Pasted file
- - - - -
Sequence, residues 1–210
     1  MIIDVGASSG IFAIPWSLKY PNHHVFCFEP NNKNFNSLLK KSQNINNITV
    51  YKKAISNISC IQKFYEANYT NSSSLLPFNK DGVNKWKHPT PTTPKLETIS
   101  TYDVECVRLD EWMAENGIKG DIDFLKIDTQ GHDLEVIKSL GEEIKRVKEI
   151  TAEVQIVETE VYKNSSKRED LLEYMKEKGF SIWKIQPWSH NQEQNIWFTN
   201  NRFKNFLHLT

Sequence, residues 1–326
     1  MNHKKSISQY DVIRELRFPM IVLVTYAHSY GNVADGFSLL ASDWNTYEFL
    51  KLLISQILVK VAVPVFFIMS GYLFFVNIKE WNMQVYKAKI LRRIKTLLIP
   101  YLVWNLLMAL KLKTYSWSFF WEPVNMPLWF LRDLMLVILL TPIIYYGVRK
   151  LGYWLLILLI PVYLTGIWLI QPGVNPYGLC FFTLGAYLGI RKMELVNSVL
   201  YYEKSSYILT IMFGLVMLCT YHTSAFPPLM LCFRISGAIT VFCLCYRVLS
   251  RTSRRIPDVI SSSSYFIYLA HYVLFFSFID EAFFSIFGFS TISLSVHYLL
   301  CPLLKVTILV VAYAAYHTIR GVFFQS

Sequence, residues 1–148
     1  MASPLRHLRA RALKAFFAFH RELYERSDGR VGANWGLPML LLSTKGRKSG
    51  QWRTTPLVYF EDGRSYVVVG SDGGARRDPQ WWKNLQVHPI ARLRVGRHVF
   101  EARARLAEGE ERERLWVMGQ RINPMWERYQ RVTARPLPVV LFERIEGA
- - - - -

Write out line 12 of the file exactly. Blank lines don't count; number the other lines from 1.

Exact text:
   201  YYEKSSYILT IMFGLVMLCT YHTSAFPPLM LCFRISGAIT VFCLCYRVLS